Effects of NASA's shuttle program ending

The space shuttle Discovery on Pad 39A at Kennedy Space Center in Florida as preparations are made for a scheduled launch.

TEXT OF INTERVIEW

JEREMY HOBSON: If all goes as planned weatherwise, the Space Shuttle Discovery will launch for the final time tomorrow. It's one of the three remaining shuttles which are all facing retirement. NASA is transitioning more of its $19 billion annual budget toward other spacecraft that can travel deeper into space.

Paul Barrett has written about the economic consequences of all of this for the latest edition of Bloomberg Businessweek and he joins us now. Paul Barrett, welcome to the show.

PAUL BARRETT: Thanks very much.

HOBSON: Well first, I want to start with a line in your story -- "8,000 engineers, technicians and other employees are going to lose their jobs because of the retirement of the space shuttle." What is this doing to Florida?

BARRETT: Well what it's doing is making a really terrible economic situation much worse, particularly in the small towns around the Kennedy Space Center on the east coast of Florida.

HOBSON: But as you report, the impact goes far beyond the borders of the State of Florida. This really has to do with American competitiveness.

BARRETT: It does. While the American space program is adrift, the programs in countries such as Russia, China, India are really cruising ahead. And the United States stands to lose a significant portion of the market in the global space industry.

HOBSON: Where does the problem lie?

BARRETT: Well the problem lies in several places. But one space to start is in the fact that the federal government has come to treat the NASA Space Program as more of a federal jobs program, spreading resources out across a large number of NASA centers around the country and worrying more about preserving jobs as they exist rather than looking out into the future and figuring out how to best deploy resources. So politics is one big part of the problem.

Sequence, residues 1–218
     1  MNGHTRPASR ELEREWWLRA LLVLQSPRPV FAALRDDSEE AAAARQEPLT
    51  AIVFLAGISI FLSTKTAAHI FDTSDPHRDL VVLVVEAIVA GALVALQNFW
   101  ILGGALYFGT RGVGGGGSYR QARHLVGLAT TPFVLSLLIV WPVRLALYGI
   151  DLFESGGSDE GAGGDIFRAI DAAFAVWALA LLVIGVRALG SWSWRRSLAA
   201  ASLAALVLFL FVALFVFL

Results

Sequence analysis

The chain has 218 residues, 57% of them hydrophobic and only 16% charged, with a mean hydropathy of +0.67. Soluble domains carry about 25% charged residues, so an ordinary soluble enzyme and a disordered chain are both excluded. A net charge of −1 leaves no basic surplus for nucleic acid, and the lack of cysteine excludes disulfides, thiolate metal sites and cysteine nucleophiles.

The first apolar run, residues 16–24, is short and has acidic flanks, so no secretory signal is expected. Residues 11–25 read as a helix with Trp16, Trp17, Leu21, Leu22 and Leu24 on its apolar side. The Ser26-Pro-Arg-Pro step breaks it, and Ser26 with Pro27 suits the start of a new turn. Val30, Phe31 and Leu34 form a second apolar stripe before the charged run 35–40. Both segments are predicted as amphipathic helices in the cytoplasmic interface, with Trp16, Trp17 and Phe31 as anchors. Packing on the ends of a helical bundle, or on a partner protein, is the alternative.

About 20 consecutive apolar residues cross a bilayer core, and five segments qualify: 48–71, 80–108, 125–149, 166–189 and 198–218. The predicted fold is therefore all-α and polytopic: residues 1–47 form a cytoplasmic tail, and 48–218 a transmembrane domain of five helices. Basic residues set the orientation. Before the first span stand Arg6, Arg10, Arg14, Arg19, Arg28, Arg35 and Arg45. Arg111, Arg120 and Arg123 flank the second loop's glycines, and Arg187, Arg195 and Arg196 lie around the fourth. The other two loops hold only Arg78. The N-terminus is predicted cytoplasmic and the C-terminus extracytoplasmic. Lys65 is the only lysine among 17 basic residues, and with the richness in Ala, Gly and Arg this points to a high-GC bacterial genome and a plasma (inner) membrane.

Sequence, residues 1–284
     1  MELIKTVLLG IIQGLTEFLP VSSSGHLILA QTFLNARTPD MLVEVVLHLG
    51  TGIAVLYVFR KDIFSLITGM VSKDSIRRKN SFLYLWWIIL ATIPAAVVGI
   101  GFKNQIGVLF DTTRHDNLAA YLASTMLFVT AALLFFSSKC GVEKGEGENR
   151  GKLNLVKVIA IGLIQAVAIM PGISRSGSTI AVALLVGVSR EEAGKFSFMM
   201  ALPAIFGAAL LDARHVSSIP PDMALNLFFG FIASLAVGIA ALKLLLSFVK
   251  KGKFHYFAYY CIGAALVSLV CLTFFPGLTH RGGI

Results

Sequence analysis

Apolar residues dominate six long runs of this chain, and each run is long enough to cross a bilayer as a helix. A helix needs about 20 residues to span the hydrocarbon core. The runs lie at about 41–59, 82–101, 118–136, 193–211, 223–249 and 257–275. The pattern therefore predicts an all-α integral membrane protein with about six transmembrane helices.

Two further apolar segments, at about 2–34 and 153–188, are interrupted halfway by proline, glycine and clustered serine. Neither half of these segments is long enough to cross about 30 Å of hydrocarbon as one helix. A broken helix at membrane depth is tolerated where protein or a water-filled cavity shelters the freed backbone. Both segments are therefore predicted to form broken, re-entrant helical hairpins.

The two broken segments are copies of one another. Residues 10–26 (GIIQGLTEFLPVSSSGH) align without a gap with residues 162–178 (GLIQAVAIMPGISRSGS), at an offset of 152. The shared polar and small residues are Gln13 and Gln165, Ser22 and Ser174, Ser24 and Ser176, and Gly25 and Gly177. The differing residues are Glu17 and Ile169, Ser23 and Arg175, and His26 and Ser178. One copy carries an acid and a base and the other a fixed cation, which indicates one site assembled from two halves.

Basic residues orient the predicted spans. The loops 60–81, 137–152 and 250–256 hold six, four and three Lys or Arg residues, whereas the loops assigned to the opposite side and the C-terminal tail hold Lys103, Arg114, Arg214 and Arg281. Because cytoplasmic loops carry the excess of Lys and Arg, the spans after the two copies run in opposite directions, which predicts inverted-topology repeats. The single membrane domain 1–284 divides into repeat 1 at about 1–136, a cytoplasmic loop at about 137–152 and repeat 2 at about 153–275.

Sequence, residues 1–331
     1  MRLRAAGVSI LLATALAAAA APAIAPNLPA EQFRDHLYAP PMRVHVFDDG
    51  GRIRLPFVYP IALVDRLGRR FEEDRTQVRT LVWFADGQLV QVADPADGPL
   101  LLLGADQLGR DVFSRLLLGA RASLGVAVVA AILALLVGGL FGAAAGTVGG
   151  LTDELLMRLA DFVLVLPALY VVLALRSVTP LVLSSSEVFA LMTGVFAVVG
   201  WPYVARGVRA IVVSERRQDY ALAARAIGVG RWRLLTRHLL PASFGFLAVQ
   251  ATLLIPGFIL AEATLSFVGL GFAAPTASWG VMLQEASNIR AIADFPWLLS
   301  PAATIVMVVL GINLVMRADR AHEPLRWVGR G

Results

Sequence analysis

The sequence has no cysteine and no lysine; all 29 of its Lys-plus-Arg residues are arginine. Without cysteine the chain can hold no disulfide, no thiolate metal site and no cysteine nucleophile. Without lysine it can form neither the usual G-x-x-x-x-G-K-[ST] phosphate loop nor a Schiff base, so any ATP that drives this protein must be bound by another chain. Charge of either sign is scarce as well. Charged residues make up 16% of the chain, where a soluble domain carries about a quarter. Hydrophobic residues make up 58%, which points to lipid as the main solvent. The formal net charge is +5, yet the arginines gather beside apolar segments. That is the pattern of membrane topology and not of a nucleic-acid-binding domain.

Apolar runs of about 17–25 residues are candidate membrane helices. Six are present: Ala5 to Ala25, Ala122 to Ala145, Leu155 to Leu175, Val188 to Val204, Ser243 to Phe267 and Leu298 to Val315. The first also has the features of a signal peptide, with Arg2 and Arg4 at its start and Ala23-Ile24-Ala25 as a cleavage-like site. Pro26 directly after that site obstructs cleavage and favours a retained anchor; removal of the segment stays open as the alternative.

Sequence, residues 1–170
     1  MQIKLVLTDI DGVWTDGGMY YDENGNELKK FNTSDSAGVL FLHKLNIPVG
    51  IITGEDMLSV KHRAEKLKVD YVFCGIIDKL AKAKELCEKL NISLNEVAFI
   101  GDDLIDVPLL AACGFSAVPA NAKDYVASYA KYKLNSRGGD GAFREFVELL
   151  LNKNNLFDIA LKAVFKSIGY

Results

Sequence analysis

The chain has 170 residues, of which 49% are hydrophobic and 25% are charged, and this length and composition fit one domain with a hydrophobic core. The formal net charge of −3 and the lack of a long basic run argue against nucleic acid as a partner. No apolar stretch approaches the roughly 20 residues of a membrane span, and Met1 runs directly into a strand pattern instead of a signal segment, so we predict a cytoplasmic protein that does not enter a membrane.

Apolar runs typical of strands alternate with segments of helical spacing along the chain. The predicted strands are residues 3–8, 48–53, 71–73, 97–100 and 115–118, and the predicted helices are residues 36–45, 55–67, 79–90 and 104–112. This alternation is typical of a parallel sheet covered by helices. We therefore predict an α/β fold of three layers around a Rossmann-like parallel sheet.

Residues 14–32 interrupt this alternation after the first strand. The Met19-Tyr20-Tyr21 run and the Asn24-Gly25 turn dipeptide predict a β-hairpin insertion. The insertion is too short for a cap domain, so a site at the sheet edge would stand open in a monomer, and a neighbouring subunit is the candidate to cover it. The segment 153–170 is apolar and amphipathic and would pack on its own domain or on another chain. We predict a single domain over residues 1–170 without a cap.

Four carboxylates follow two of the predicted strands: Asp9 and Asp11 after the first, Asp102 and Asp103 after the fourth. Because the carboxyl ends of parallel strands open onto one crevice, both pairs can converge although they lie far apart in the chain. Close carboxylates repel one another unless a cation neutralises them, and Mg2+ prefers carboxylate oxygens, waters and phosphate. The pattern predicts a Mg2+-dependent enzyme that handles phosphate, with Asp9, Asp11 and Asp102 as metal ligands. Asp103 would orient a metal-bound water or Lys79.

HOBSON: Paul Barrett, after doing this reporting, do you think that the U.S. will be able to remain the world's leader in space?

BARRETT: I think that is now very much open to question with rising China, rising India. There's a real serious question whether the United States will remain on the cutting edge in this hugely expensive undertaking that requires centralized and collective action. This is not something that can be done by rugged individuals. Basically the whole country has to pull together and agree to do this and to spend a lot of money.

HOBSON: Paul Barrett, who's got a big story on NASA in the latest Bloomberg Businessweek, thanks so much for joining us.

BARRETT: You bet. Thanks for having me.


Paul Barrett is an assistant managing editor at Bloomberg Businessweek. He
wrote the story on NASA for this week's Bloomberg Businessweek.

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